Baltimore Orioles: Cal Ripken Jr. Statue Game – a 10 Year Retrospective
Prior to 2012, the Baltimore Orioles had spent the better part of the previous fifteen years as a proverbial doormat. The club had failed to achieve a winning season since 1997, leaving much of the fanbase disillusioned. Attendance faltered and Camden Yards became a haven for opposing fans, most notably when the Boston Red Sox and New York Yankees came to town.
What should’ve been a sea of orange was often red or navy blue. Chants of “Let’s Go O’s” were immediately drowned out. The ballpark erupted when the visiting team scored. Nothing about the ambiance felt like the Yard belonged to Orioles fans.
That is, until September 6, 2012. Ten years ago today, Birdland made Camden Yards theirs again, and there was nothing Yankees fans could do about it.
Baltimore Orioles: remembering the Cal Ripken Jr. statue game 10 years later
The Baltimore Orioles and AL East-leading Yankees entered that series with just one game between them in the standings. Baltimore was in the process of shocking the baseball world with a young offense and eclectic cast of pitchers (sound familiar?) and hoped to use this four game series to cement their status as playoff contenders and potentially move to pole position in the division race. Serendipitously, the high stakes weren’t the only thing enticing rightfully jaded Orioles fans out to the ballpark that night.
2012 marked the 20th anniversary of Oriole Park at Camden Yards and as part of the celebration, bronze statues of the club’s six Hall of Famers would be unveiled in the plaza behind center field. The fifth of six was showcased that Thursday evening, and it belonged to none other than Cal Ripken, Jr.
Ripken was (and still is to many) the face of the Orioles and even if O’s fans were skeptical of the 2012 team, getting a chance to pay homage to #8 was too good an opportunity to forfeit. The ceremony created a union of new Orioles fans excited by the rejuvenated ball club and fans of old who may have lost interest when the team entered the Dark Ages but wanted to pay respects to their hero and remind themselves of what Orioles baseball used to be. It was evident before the first pitch was thrown; navy blue waters receded and the sea of orange rushed in, and it was loud. The ingredients of a raucous crowd were in place, now all the team needed to do was deliver. Deliver, they did.
Camden Yards was searching for any semblance of a reason to erupt and in the bottom of the first inning, Matt Wieters gave them one:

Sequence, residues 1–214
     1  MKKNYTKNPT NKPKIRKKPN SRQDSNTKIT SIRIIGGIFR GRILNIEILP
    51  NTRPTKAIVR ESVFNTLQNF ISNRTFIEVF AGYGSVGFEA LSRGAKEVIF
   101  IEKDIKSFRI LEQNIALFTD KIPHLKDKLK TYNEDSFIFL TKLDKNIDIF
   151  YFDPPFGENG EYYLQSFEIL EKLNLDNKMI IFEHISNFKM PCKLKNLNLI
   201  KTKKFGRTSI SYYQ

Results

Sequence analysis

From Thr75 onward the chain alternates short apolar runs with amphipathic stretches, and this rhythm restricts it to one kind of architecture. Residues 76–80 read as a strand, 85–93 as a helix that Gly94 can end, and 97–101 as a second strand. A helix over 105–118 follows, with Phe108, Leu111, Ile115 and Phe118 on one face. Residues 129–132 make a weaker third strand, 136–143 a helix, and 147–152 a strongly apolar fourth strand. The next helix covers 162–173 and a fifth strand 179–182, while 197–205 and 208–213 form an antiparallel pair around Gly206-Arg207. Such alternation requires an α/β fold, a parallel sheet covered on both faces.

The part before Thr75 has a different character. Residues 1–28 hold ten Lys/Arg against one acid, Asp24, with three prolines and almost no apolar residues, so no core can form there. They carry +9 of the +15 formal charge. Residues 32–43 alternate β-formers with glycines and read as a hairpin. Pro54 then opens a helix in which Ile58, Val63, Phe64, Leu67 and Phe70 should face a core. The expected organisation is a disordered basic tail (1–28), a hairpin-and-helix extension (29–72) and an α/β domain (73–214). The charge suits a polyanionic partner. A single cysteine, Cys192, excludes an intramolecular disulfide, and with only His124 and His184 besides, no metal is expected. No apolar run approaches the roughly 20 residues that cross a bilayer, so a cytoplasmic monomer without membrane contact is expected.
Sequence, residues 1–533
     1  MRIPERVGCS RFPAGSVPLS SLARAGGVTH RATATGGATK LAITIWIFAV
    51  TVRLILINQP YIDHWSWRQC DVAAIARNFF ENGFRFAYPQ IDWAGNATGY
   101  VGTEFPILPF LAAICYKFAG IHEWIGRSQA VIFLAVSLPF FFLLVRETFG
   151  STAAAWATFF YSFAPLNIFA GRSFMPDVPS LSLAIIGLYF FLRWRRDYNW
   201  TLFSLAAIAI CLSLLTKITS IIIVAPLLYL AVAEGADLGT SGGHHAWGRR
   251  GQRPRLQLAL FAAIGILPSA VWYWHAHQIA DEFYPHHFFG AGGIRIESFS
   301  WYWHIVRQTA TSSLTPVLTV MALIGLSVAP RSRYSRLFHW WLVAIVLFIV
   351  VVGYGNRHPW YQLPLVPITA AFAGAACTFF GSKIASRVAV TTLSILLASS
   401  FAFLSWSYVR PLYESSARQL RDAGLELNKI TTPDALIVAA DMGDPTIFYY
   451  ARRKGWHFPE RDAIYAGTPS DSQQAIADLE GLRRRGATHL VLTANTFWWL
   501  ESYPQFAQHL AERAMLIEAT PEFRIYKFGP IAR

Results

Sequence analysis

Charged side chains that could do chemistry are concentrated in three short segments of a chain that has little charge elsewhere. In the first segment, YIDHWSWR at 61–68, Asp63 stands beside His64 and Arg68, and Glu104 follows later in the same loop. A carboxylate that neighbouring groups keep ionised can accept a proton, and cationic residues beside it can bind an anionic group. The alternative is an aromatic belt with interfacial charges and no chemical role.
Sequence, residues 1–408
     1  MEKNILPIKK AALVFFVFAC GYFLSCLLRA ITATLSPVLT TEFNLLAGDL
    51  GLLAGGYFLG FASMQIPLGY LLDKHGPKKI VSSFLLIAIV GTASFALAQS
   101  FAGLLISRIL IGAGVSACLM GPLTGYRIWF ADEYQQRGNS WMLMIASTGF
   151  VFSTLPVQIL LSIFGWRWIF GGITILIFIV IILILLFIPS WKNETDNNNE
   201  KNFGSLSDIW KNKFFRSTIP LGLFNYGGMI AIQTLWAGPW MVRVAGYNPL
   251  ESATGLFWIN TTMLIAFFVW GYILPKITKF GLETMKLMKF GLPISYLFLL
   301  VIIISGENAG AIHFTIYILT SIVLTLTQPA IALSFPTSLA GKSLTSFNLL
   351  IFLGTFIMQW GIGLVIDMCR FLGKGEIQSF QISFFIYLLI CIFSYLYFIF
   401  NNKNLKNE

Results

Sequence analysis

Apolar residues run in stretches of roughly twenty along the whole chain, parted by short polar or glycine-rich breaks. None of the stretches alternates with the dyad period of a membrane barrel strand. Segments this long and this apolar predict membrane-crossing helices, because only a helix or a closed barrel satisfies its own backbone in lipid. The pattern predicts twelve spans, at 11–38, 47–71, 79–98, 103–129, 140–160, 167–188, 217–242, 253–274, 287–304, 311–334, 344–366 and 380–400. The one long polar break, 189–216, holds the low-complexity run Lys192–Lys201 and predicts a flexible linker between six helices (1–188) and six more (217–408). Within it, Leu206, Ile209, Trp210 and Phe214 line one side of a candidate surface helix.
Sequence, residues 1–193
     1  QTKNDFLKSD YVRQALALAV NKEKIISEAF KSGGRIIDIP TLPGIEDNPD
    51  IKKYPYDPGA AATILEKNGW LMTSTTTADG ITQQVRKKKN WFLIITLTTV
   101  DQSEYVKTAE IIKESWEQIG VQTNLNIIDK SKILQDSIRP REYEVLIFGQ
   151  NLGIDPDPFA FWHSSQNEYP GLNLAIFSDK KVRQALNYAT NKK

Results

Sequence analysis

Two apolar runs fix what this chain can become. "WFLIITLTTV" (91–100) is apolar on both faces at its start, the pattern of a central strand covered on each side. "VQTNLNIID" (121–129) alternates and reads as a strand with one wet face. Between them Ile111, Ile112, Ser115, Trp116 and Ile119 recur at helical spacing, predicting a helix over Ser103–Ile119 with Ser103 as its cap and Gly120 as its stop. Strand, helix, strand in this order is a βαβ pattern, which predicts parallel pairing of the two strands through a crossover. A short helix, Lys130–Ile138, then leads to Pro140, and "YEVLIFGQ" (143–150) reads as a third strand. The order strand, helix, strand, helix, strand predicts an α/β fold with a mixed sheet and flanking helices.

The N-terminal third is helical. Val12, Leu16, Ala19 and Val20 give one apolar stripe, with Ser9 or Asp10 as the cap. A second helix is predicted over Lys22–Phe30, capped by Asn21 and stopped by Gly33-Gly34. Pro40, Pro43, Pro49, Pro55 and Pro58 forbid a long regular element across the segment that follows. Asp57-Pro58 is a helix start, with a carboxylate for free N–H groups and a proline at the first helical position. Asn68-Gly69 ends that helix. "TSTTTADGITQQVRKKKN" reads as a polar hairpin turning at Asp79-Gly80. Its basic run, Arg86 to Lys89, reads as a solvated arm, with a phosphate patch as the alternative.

The sold out crowd lost their collective mind. The fervor was palpable. The broadcast cameras were shaking. This is what older generations of Orioles fans were talking about when they regaled about the past. This is what Camden Yards is supposed to be like. This is why you love baseball.
Robert Andino and Mark Reynolds added home runs later in the game that ran the Orioles lead up to 6-1. Jason Hammel, the “ace” of the 2012 staff, was cruising in his first start back from a knee injury. The atmosphere at Camden Yards was more akin to a party than a baseball game. Everything was coming up Baltimore, then the top of the 8th inning happened.
Pedro Strop was one of the O’s most dependable relievers that year and was called upon to strand the runners previous pitcher Randy Wolf had allowed on base, however the Yankees turned the game sideways. Two hits and two walks later, the game was tied 6-6 and Strop was pulled without retiring a batter. An uncontrolled frenzy turned into an eerily quiet cavern of surrender cobras. This was what Orioles fans had become accustomed to from 1998-2011. The night and the season at large were too good to be true. The bleeping Yankees did it again.
Unfortunately for the Yankees, Adam Jones wasn’t having that, and the anxiety among Orioles fans was short lived.
Jones led off the bottom half of the 8th against Yankees reliever David Robertson and sent a rocket ship into the left field bleachers to reclaim the lead and reignite the crowd. Mark Reynolds and Chris Davis added back-to-back homers later in the inning, the Yankees went down quietly in the ninth, and Baltimore ended the night with a 10-6 victory and a share of the AL East lead.
The 10-6 victory over the Yankees marked a paradigm shift for the Baltimore Orioles
"“I’ve always asked our trainer, Richie Bancells, how loud can this place get? I always asked that,”…”After I hit that home run, he came up to me and said, ‘That’s how loud this place can get.’ ”– Adam Jones"
The Baltimore Orioles hit six home runs that night but Jones’ go-ahead blast was most significant, and not just because of the circumstances. The old Orioles lose that game after blowing a five run lead. The old Orioles let that loss lead to a stretch of more losses. The fans were waiting for it to happen. Jones, however, was no ordinary Oriole.
Along with Matt Wieters and Nick Markakis, Jones was one of the young stars Birdland hoped would rescue the team from their 15 year doldrums and return them to their winning ways. 2012 marked his emergence as a leader not just on the field, but a vocal leader off of it. Jones used his Twitter feed to repeatedly call on Orioles fans to show out and support the club that would finish with 93 wins and an appearance in the ALDS. The fans delivered for Jones, and Jones delivered for them.
2012 was a long overdue catharsis after a decade and a half of unabated struggle. Though better Orioles teams came before them and have come since, that team will always be remembered fondly as the one that broke the streak. The “Buckle Up” Birds with a never-say-die attitude who beat teams with their bats and put them to sleep with their bullpen. There was no shortage of non-believers that cast doubt upon that group, but that September 6th night was a paradigm shift that helped silence the doubters and awoke a sleeping giant of a fanbase.